Modeling mares’ tails
That information was a giant step toward refining their computerized cloud models, which is what they rely on to calculate the net effect of all clouds on Earth’s energy budget. These models helped sort out surprising patterns about cloud behavior. It turns out the higher and thinner the cloud, the more heat it will trap. “It’s counterintuitive,” Stephens said. “You think big, thick clouds would be a thicker blanket, but they reflect a lot of sunlight, actually. The thin, cold cirrus have a disproportionately higher greenhouse effect.”
In fact, their findings confirmed the importance of these wispy, sometimes barely visible cirrus clouds to climate. L’Ecuyer said, “The warming effect of cirrus is six times larger than you would get by doubling all the carbon dioxide in the atmosphere.”
When the effects of low clouds were factored in, though, their models revealed that clouds continue to have a cooling effect overall, at least in today’s climate. The next step is to learn how the heating or cooling effect of clouds might change in the future. Computer models will help predict this, but scientists caution they need continual testing and honing. Because clouds play a large role in determining the global climate, an enormous amount of data must go into analyzing them, and there is no shortage of factors to consider. That means that even with massive amounts of data from the most sophisticated instruments available, there are a great number of unknowns.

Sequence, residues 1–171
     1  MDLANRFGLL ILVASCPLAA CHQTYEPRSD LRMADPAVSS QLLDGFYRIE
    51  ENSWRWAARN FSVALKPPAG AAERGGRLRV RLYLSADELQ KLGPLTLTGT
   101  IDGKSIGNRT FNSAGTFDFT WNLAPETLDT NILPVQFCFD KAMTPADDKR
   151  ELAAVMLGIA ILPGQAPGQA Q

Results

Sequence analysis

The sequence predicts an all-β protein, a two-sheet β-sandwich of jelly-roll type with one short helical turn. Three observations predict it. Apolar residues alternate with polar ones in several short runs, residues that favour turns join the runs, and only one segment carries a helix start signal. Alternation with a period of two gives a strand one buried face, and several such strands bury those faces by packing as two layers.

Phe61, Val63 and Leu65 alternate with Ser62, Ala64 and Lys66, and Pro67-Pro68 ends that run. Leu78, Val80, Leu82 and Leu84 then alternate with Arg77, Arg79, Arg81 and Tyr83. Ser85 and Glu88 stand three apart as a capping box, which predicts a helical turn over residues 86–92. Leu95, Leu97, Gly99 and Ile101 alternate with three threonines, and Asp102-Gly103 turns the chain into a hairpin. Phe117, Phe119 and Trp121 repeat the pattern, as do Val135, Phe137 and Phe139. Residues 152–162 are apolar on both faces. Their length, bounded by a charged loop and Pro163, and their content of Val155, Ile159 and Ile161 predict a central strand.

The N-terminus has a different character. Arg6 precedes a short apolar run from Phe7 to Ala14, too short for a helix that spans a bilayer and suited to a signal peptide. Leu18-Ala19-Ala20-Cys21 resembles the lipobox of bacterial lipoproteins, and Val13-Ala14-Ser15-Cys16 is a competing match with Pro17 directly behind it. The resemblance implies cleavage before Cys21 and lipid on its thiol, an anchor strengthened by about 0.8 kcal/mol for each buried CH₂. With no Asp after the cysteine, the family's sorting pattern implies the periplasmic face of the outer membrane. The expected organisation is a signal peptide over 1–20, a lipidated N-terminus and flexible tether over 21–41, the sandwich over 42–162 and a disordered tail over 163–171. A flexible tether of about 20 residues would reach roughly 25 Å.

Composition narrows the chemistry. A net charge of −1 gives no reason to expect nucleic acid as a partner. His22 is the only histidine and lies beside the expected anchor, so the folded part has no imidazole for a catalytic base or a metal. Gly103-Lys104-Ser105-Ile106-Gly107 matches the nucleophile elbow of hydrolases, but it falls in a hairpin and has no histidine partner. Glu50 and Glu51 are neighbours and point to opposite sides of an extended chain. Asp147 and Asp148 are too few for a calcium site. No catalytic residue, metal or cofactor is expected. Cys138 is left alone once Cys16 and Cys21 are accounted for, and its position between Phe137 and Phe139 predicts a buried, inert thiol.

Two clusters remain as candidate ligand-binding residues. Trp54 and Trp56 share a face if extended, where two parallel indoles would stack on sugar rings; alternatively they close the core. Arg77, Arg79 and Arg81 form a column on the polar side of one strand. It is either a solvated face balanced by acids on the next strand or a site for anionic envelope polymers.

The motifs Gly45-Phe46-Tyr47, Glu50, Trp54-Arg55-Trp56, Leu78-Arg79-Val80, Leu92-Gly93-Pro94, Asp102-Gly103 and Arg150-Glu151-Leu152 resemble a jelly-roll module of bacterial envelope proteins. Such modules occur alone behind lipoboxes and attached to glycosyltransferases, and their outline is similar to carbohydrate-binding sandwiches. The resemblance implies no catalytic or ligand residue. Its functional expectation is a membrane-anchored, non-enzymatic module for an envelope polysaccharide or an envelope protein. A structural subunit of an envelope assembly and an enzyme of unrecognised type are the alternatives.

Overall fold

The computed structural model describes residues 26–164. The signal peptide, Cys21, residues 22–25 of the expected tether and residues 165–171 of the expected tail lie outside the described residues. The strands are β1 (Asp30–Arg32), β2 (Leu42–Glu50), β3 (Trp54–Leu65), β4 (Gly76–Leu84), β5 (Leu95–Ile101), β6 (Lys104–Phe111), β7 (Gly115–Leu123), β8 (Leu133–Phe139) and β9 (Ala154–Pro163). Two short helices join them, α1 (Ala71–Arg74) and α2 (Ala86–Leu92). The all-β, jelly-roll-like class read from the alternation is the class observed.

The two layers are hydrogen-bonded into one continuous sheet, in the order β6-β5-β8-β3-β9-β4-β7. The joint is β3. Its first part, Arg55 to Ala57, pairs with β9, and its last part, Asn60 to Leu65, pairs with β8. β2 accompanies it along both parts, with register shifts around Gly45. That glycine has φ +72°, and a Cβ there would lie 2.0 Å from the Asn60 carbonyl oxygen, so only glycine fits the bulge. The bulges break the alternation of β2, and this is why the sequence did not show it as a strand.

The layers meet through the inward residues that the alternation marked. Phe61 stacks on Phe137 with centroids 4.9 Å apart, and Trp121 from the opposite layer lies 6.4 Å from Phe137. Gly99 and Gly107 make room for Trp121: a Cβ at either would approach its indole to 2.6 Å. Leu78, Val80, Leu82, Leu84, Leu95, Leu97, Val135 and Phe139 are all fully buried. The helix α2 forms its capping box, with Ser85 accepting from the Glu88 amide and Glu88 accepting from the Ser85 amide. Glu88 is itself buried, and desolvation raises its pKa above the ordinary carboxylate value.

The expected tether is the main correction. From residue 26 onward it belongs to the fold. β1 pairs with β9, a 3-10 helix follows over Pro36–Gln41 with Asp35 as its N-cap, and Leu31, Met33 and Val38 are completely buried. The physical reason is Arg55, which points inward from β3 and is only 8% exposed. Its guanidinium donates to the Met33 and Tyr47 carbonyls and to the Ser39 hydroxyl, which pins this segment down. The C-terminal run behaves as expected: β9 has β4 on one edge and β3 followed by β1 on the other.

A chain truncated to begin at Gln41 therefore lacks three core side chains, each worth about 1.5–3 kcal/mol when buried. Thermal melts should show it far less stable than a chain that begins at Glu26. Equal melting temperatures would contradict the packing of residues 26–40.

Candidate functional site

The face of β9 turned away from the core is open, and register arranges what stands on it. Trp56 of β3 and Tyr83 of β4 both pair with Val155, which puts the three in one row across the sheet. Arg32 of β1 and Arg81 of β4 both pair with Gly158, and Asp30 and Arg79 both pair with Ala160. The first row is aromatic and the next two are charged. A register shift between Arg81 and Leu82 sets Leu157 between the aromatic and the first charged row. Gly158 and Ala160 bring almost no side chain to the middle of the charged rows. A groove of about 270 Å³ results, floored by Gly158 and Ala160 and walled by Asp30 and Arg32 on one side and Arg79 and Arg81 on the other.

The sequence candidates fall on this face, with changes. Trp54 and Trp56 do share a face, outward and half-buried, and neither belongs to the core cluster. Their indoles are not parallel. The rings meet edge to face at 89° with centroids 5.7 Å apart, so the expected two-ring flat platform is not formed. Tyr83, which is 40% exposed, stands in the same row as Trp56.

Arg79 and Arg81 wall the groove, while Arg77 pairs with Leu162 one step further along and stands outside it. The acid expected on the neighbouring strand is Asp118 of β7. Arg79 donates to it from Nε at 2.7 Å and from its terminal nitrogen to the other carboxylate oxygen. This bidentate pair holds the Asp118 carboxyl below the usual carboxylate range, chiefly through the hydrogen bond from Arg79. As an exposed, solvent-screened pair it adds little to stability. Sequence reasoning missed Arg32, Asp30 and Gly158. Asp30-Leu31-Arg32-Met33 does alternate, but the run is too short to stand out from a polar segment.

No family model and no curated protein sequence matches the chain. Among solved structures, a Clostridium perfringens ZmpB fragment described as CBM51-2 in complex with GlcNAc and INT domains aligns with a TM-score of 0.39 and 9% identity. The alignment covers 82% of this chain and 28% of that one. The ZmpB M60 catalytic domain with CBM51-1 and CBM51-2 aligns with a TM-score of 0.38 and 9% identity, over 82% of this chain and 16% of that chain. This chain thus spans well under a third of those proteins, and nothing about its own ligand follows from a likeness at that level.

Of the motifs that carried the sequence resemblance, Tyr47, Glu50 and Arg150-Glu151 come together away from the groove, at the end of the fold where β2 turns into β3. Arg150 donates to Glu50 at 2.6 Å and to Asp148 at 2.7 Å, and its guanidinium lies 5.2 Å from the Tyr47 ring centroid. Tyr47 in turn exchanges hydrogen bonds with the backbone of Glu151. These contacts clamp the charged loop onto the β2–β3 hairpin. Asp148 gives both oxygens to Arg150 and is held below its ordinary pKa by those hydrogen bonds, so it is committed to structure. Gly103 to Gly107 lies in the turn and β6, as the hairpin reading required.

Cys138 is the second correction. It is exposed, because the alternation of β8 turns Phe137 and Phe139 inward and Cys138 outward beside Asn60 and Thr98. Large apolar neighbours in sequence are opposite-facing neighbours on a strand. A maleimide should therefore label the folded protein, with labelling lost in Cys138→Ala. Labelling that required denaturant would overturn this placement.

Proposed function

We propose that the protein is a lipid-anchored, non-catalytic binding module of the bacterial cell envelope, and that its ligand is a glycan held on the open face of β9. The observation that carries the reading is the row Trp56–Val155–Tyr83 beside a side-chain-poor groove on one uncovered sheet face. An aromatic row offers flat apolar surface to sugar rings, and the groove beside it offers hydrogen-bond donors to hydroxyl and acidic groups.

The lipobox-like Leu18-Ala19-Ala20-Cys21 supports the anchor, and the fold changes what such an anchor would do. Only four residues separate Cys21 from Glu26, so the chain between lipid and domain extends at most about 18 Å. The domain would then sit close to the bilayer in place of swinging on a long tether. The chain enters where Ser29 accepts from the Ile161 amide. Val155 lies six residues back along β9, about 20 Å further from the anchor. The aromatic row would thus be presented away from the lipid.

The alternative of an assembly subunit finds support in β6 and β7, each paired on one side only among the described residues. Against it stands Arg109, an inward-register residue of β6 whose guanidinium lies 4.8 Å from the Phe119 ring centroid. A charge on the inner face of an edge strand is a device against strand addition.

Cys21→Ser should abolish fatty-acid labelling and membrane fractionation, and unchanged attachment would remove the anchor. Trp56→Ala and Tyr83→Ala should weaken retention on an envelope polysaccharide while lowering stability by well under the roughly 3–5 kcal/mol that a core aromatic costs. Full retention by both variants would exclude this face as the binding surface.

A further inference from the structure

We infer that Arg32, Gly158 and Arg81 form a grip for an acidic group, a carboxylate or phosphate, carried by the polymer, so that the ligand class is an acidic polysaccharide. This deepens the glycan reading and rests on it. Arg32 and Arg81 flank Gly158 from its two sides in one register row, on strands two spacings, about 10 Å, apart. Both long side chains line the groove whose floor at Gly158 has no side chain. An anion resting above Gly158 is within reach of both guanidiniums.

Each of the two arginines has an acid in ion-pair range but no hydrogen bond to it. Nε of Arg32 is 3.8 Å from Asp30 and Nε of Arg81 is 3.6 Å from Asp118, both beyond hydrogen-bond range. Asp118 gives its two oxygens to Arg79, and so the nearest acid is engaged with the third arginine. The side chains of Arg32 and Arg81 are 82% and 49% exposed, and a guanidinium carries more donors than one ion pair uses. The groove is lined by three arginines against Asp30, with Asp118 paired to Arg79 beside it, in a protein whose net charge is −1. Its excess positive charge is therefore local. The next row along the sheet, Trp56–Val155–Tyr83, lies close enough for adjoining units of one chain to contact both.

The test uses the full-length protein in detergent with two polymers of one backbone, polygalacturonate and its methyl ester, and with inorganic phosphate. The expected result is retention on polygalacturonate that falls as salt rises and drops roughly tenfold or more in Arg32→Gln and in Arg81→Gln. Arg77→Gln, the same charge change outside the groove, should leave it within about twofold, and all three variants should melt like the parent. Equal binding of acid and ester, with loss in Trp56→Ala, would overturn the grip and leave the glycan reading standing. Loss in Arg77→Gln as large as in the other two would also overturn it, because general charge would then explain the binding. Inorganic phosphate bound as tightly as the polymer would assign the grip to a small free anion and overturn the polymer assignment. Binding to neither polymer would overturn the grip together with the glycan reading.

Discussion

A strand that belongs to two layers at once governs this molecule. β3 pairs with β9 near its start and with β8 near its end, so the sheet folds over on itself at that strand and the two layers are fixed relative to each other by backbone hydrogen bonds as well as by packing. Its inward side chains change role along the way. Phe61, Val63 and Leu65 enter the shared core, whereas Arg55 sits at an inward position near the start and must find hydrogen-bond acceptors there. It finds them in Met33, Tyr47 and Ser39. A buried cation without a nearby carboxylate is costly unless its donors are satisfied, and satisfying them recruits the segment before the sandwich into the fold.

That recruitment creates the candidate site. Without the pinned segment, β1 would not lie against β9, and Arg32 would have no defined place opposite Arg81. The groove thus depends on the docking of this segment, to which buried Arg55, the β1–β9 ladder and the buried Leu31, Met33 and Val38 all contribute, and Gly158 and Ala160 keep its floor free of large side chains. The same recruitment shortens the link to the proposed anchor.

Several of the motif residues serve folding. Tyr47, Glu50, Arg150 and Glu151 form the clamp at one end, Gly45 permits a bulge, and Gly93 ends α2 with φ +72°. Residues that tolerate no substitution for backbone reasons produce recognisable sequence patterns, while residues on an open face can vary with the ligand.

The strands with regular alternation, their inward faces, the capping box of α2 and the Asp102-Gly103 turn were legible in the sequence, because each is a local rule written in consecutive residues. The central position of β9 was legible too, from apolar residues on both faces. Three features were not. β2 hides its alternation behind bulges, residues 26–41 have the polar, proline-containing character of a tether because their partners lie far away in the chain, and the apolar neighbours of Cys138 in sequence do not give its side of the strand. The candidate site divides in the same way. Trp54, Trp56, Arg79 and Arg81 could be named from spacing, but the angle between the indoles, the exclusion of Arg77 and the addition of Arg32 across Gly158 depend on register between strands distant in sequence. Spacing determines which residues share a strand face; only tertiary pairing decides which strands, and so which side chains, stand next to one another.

“That’s the problem,” Stephens said. “Just a small change in clouds can almost completely offset the warming, or reinforce it strongly.” This sensitivity in current climate models is now pushing them to analyze data on other factors that influence cloud formation and behavior. Stephens said, “How do aerosols, for example—like pollution, dust, and other particles—affect this balance? And how does this affect the overall ability to produce precipitation?”
Until they can answer those questions, however, they will rely on the new benchmark their study has set for current models. And in the meantime, the advent of still more sophisticated instruments combined with a longer data record will help scientists continue to decode the messages clouds tell us in the future. Will a warming planet bring more clouds, and will these be warming cirrus clouds or cooling cumulus clouds? L’Ecuyer said, “What we’ve done is figure out what clouds do in today’s climate, but what ways will clouds change in a warmer climate?”
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The photograph in the title graphic shows high, wispy cirrus clouds resembling mares’ tails streaming over Loch Lomond, Scotland. (Courtesy C. Laws)
Last Updated: Jan 25, 2017 at 4:32 PM EST